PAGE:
Sunday night against Colgate University, men’s hockey head coach Bob Gaudet ’81 knew the game would come down to someone making a crucial play. Tim O’Brien ’16 made that play. In double overtime of game three of the best-of-three series against Colgate, O’Brien took a pass from linemate John Ernsting ’19 and proceeded to rifle a shot past Colgate goaltender Charlie Fin.The 4-3 win punched the Big Green’s ticket to an ECAC quarterfinals match-up with Yale University in New Haven. Finn had recently been named the ECAC’s Goalie of the Week after allowing just one goal in two games.
As the women’s basketball program wraps up the 2015-16 season, the team’s outlook is optimistic despite the impending loss of two dominant players, seniors Lakin Roland ’16 and Daisy Jordan ’16. The program has had its ups and downs over the past few seasons — its consistent year-to-year improvement, however, looks to continue under new emerging players and the continued efforts of the coaching staff. The current season marks Belle Koclanes’ third year as head coach. Her tenure has seen the team go from last place in the 2013-14 season to sixth place last season. This year, the team finished fourth place in the league with a record of 7-7. This finish is the team’s best since the 2008-09 season in which the Big Green took home the Ivy title.
The next week will be a big one for Big Green track and field and ski teams, as both teams head to the NCAA championship races hunting for strong results. The Big Green track and field team is closing one its top seasons historically after the men’s best finish in the five years at Ivy League’s Indoor Heptagonal Championship. On the slopes, the Big Green Ski team will head to Steamboat Springs, Colorado, where the University of Colorado will host the NCAA Skiing Championship.
At the fourth game of the season, and the first home game, the men’s lacrosse team fell 7-6 to Wagner College at Scully-Fahey Field for the first time in program history. While the Seahawks improved to 2-3, the Big Green falls to 0-4.
The equestrian team was back in the saddle on Saturday at the University of New Hampshire, competing for the first time since they concluded its fall stint in November. The Big Green placed sixth out of 12 schools who competed in Saturday’s show. Dartmouth equestrian enjoyed modest success in its seven fall shows, winning at Middlebury College and Colby-Sawyer College and placing third in three more shows.
The men’s hockey team advanced to the ECAC quarterfinals by knocking off Colgate University in a thrilling best-of-three series at Thompson Arena that ended tonight with a 4-3 double overtime win. Both of the Big Green's wins required more than 60 minutes of play.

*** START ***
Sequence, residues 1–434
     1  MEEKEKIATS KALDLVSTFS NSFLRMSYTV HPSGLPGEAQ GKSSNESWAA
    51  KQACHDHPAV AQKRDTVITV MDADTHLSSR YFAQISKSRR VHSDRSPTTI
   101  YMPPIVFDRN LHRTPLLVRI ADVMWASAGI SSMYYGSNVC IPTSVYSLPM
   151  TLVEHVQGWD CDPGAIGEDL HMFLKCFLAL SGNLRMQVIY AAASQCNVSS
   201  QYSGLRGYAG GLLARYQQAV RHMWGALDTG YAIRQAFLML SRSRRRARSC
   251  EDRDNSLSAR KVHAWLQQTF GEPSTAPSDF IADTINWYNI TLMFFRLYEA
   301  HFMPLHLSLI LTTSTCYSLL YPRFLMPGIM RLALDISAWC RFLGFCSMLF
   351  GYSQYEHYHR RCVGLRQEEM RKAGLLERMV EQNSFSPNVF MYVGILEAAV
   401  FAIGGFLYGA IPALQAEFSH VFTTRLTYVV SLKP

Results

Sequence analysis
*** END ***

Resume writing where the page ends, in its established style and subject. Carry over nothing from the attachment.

Two games remain in the Dartmouth men’s basketball team’s schedule, but its in-conference fate has long been decided. Stumbling to a 1-6 Ivy League mark start and mathematically eliminated from contention three weeks before the season’s end, the Big Green, now 3-9 in the conference, appear destined to finish somewhere in the fifth to eighth range in the standings. As it closes out a testing year, it’s worth assessing where things went right and wrong — especially for a team that has not experienced a conference win percentage decline from the prior season since 2009-10.
[slideshow_deploy id='119978']This Friday, the Dartmouth baseball team will be playing against the NCAA’s No. 1 ranked University of Florida. For an Ivy League school, playing against the top team in the country in any sport is rare, but for the Big Green baseball and softball teams, playing against the best teams in the country happens all the time. The 127th ranked team overall and 2nd ranked Ivy League team in the NCAA RPI rankings from the end of last season (Florida finished 6th), Dartmouth baseball seeks these challenges early in the season because it should.
In an up-and-down weekend, the Dartmouth ski team surged to an early lead with wins in men’s and women’s slalom on day one of racing before eventually dropping into a second place finish at the Middlebury Carnival. In the final carnival of the season that also served as the NCAA Regionals, the Big Green was unable to hold off University of Vermont but feels ready for the NCAA Championships that are next on its schedule.
As the last winter term of our illustrious Dartmouth careers draws to a close, so, too, has our already dwindling self-respect. Some people save their best for last. We came in with a bang and are going out with a whimper, unread and unloved by the community that once adored us and hung on our every word.
On Feb. 27, the No. 38 men’s tennis team defeated two more teams to bring its ongoing win streak to five games. Hosting both teams at the Boss Tennis Center, the Big Green first defeated St. John’s University in a close rematch 4-3 and followed up the win by demolishing Sacred Heart University 7-0.
Men’s squash finished its historic season, ranked seventh in the country, while the No. 9 women’s squash took home the Kurtz Cup for first time in four years.
The Ivy League Heptagonal Championships, known to coaches and athletes as “Heps,” is the culmination of months of intense training and preparation for the men’s and women’s track and field teams. Hosted at Cornell University’s Barton Hall in Ithaca, New York from Feb. 27 to 28, the meet is unlike any other for the Big Green athletes.
The men’s hockey team dropped a pair of road games this weekend, missing out on a first-round bye in the ECAC Tournament. The team instead set itself up for a matchup with Colgate University in the tournament’s opening round next weekend. Dartmouth is set to host.